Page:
<Anchor> In

the past year, when the coronavirus spread rapidly in the United States, a survey found that racial hate crimes targeting Asian people increased sharply.

There is a growing voice in the United States that this violence should be stopped now, and discussions to prevent hate crimes in the United States are coming and going.

This is New York correspondent Kim Jong-won.


[Stop hate crime!

Stop hate crime!


People with anti-Asian hate pickets march on New York's iconic Brooklyn Bridge.

[Rally Participant: To hate someone is like hating all of us in the end.

I hope we all cooperate and live together.

I don't think anyone should look at it negatively.]

Although it has not yet been confirmed that it is an Asian hate crime, in California, an Asian woman in her 50s who was taking a walk today (5th) was stabbed and killed by a weapon wielded by a white woman in her 20s. This spreads, and anxiety is growing.

In the past year, the total number of Asian hate crimes reported to police across the U.S. has

surged by nearly 150% from 49 cases in 2019, a year ago.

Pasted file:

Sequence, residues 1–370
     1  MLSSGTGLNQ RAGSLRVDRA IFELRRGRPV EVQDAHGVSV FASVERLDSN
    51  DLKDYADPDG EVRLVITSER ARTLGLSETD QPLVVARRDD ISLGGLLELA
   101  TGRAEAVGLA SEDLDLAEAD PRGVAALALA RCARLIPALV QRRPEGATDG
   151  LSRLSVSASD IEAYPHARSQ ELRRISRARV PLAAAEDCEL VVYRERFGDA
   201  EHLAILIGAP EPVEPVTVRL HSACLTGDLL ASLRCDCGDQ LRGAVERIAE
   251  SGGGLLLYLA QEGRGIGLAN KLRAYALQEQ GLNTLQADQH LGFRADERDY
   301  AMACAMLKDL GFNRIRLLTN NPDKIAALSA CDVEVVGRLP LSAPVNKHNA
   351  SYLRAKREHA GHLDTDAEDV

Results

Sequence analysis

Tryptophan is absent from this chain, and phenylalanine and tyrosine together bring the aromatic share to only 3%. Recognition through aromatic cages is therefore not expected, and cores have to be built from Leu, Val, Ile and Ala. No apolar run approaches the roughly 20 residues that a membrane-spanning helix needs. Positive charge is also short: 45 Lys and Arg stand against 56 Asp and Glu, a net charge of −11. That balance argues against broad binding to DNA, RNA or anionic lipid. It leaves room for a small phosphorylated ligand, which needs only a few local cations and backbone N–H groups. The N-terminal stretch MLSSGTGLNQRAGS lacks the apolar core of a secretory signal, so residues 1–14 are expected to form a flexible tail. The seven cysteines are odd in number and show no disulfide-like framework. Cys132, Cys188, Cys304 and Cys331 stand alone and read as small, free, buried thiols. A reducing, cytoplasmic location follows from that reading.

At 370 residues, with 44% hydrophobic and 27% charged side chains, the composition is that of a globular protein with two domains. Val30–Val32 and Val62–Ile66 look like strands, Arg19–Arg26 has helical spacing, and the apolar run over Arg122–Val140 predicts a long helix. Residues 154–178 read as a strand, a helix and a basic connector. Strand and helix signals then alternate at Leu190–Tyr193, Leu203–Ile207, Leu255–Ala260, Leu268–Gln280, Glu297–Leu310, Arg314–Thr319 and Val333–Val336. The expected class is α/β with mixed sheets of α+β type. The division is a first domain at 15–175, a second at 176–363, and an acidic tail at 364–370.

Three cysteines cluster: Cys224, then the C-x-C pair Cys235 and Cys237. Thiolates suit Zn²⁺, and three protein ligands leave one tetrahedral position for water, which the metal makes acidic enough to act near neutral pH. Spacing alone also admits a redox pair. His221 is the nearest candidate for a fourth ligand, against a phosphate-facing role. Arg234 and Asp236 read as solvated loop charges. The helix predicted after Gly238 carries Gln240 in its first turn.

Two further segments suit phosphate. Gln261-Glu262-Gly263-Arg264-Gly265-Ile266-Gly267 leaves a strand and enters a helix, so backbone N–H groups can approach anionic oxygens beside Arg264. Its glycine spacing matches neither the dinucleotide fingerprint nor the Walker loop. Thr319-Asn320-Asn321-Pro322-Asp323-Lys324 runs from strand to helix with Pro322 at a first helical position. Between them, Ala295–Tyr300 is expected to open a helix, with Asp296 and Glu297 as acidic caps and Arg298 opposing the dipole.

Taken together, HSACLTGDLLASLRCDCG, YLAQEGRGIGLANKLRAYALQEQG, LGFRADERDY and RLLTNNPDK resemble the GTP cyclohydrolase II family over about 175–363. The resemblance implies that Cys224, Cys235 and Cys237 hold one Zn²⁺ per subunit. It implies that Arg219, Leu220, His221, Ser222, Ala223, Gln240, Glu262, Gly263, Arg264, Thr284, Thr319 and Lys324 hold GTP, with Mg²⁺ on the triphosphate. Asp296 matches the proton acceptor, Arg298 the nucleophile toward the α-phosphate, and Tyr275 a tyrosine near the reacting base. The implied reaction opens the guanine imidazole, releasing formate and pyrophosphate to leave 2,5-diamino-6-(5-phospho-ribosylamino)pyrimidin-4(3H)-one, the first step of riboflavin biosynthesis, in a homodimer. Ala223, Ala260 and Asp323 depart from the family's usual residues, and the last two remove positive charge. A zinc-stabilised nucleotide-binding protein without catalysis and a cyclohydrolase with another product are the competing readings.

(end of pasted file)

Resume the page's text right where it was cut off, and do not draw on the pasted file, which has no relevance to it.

In New York City, in particular, from 3 cases in 2019 to 28 cases in 2020, and this year, as of April, 35 cases have already been filed.

In the political world, discussions are underway to eradicate hate crimes.

[Chuck Schumer/Democratic Senate Representative (Last 3rd): The legislation we are working on called the'Corona 19 Hate Crimes Act' deals with hate crimes and violence against Asian Americans.

We will appoint a dedicated manpower within the Ministry of Justice (to expedite Asian hate crimes).] In

order to overcome racial discrimination against deep-rooted Asians, there is a growing movement that Asians must speak up in American society above all else.

(Video coverage: Lee Sang-wook, video editing: Jung Yong-hwa)